Class action proceedings, in which a representative plaintiff to bring a claim on behalf of a larger group (the “class”), are intended to improve access to justice. For example, it may be challenging for one person to find the time and resources needed to start a legal claim to obtain compensation for their losses. However, when a group of people who have been through a similar situation join together and a class action is certified on their behalf, they can collectively pursue claims that would otherwise be prohibitive.
Many class proceedings settle before a court is required to issue a decision on the matter. Leading up to and throughout the trial process, the parties may negotiate potential settlements which will allow them to find a mutually agreeable resolution and put an end to the litigation. However, any class settlement must be approved by the court before it can be finalized. Before approving a proposed settlement, a court must be satisfied that it is “fair, reasonable and in the best interests of the class”. While courts encourage settlements, to save costs for the plaintiffs and resolve matters quickly, a court might reject a settlement if it does not meet this standard. Below, we look at some examples of courts that questioned the fairness of a class settlement.
A Settlement is Insufficient Based on the Original Claim
In a 2020 decision called Aps v. Flight Centre Travel Group, Justice Belobaba noted that “[i]t is widely recognized that the approval of class action settlements remains the most difficult and problematic area of class action practice”. In highlighting this problematic issue, the Judge noted that some lawyers are tempted by a substantial contingency fee in a settlement that is otherwise lacking in terms of remedies for the plaintiffs. In other cases, an offer to settle might provide a substantial amount to the representative plaintiff, causing them to compromise their duty to the remaining class members.
In that case, there were approximately 10,000 plaintiffs who brought a claim relating to unpaid overtime. The original claim was for $100 million, covering a period of ten years. The proposed settlement amounted to $7 million, causing the Judge to question whether it was sound. Counsel was able to allay the Judge’s concerns by presenting supporting evidence consisting of:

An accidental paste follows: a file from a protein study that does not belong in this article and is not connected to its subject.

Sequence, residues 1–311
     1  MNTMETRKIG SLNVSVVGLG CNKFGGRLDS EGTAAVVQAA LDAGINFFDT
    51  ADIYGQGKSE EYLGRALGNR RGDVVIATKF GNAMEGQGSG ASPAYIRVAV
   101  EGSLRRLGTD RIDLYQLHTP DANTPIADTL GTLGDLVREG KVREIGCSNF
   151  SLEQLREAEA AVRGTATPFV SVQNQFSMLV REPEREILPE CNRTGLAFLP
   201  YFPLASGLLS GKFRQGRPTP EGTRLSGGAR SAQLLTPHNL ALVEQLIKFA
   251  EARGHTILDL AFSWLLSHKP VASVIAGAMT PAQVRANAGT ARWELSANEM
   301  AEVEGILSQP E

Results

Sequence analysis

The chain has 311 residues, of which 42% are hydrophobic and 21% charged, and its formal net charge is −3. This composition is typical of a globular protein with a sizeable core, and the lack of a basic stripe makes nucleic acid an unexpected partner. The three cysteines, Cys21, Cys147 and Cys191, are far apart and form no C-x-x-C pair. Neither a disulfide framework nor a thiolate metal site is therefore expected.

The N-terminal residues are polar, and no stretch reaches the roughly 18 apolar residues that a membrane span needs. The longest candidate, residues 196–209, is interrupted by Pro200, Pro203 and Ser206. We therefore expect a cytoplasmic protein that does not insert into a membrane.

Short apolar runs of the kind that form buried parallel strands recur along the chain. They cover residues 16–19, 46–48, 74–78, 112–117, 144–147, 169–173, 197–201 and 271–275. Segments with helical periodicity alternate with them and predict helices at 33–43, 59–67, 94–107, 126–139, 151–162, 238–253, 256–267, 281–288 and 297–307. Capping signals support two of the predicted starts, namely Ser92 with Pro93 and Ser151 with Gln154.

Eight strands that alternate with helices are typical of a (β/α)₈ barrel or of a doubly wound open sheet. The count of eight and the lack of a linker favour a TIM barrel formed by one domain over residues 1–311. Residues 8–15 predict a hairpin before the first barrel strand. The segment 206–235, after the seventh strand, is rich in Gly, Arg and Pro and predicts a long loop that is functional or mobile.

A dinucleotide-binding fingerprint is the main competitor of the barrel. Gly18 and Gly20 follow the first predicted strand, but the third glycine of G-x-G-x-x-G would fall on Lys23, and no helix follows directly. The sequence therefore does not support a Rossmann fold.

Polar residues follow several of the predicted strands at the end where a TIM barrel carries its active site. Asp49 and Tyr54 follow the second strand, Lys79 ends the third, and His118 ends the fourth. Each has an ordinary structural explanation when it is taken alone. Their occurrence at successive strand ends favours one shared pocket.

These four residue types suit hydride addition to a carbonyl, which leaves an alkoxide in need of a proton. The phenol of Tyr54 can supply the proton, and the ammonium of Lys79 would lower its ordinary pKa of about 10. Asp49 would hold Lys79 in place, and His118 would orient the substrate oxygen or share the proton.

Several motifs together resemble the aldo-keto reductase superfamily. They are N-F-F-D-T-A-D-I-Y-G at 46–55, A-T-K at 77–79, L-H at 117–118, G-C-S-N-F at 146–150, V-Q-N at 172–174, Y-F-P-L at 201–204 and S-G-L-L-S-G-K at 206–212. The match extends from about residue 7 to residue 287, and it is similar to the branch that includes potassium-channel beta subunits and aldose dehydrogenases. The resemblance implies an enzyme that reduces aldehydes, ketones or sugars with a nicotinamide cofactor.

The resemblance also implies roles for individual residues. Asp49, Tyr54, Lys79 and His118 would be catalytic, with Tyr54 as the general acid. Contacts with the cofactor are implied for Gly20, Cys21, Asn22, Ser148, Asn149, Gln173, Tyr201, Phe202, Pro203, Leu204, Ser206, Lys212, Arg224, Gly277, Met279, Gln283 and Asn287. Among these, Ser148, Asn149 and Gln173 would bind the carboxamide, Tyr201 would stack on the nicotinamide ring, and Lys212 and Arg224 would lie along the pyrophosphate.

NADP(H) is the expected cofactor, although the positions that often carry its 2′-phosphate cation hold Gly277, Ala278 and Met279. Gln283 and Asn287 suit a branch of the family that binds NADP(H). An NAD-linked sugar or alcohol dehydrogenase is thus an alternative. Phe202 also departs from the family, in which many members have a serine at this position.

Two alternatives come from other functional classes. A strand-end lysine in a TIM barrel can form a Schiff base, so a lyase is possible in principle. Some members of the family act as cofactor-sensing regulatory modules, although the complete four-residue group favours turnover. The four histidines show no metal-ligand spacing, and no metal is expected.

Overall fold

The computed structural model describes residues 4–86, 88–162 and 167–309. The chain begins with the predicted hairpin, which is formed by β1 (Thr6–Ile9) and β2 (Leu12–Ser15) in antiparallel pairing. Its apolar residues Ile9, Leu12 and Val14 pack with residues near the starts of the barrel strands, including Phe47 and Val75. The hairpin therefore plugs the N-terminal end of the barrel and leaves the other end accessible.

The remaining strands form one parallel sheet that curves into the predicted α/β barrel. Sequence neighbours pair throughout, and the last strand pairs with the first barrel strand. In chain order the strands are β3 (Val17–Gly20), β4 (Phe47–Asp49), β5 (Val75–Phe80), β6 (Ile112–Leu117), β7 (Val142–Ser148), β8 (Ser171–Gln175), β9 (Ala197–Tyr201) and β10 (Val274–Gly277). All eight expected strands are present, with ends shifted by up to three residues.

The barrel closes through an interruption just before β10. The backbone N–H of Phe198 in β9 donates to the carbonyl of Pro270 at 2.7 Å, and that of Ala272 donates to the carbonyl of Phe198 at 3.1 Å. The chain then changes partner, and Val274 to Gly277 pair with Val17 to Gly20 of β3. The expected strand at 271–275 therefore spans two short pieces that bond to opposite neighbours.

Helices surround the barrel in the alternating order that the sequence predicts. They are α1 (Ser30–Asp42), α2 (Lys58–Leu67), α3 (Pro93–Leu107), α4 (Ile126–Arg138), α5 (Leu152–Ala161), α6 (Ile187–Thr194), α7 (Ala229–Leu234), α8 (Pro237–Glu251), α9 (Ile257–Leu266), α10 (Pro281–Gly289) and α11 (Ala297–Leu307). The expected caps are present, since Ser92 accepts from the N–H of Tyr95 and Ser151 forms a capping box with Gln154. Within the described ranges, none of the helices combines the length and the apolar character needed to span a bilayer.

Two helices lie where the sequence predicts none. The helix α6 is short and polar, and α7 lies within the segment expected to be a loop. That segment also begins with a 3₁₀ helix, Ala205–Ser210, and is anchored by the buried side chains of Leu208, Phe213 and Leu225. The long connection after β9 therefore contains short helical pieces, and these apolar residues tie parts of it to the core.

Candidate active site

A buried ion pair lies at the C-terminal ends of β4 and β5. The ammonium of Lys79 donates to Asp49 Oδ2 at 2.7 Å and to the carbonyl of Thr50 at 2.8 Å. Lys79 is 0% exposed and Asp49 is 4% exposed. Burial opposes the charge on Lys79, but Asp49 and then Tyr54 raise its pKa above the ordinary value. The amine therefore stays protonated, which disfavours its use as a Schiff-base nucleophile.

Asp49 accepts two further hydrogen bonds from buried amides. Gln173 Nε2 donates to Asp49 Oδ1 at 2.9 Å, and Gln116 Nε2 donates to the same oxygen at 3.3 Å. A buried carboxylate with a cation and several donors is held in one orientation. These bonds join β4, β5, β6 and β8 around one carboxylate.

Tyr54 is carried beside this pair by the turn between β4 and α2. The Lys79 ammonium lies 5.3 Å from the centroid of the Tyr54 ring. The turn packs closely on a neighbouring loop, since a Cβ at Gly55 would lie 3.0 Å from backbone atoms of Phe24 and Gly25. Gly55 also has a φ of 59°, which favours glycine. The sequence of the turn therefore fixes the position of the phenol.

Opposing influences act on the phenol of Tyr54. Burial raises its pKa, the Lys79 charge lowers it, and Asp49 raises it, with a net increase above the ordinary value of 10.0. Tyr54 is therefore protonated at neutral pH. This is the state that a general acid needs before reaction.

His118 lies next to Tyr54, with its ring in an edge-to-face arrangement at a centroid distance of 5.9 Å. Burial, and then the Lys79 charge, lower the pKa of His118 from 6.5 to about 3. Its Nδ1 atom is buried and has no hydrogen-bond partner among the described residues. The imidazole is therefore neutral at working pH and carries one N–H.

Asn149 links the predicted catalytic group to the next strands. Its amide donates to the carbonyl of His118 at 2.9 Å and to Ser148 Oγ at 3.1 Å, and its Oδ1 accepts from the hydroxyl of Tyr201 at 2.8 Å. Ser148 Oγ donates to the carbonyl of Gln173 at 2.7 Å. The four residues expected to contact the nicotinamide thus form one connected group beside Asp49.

- proof that the size of the class was much smaller than initially thought (the settlement occurred prior to certification of the class);
- the size of the settlement was comparable to similar overtime actions;
- there was a pending threat to the litigation due to the unknown impact of the Covid-19 pandemic on the defendant’s financial situation; and
- affidavit evidence demonstrating support for the settlement from a large portion of the class members.
Given the evidence, the Judge concluded that the proposed settlement was fair and granted approval.
The Proposed Settlement is Unreasonable for the Class
In a recent class proceeding called Grann et al. v. HMQ in Right of the Province of Ontario, the plaintiff class consisted of former Crown wards who had been removed from their homes due to neglect or abuse. The class alleged the Crown had failed in its duty to the class, allowing them to be subjected to mistreatment, humiliation, and abuse while in Crown custody. The original claim totalled $100 million, plus an additional $10 million in punitive damages.
In January of this year, the parties entered into a settlement agreement containing the following terms:
- a lump sum settlement fund of $10 million;
- honoraria for current and former representative class plaintiffs;
- aggregate [or basic] compensation for each eligible Class Member of up to $3,600;
- notification of the settlement to all Class Members;
- the ability of Class Members to start individual actions for compensation from individuals or institutions that harmed them based on a limited release that allows Class Members to pursue tortfeasors or to make other claims;
- a simplified, paper-based claims process that avoids cross-examination;
- assurance from the Province that it will not claw back settlement funds from Class Members receiving provincial social assistance; and
- payment of Class Counsel’s fees, disbursements and payment of the costs of notice and administration of the settlement.
60 members of the class objected to the proposal, claiming it was unreasonable. The Court agreed, finding that not meaningful when compared to the history of abuse faced by the class. Further, the option for each class member to pursue their own claim was unfair, considering the time and expense that would be demanded of each person to do so. The Court ultimately held that “the proposed settlement does not fall within the range of reasonable outcomes; nor is it in the best interests of the class” and declined approval.
Seek Advice From Experienced Class Action Counsel
Issues relating to litigation, particularly class proceedings, can become extremely complicated. It is always best to ensure that you have representation who can provide you or your business with experienced and knowledgeable guidance through all aspects of the class action process.
Contact Milosevic Fiske LLP in Toronto for unparalleled representation in even the most complex corporate and commercial disputes. Over the years, our team of exceptional litigators has seen it all and has successfully fought for our clients’ rights. Our impressive track record speaks for itself. Call us at 416-916-1387 or contact us online for a consultation.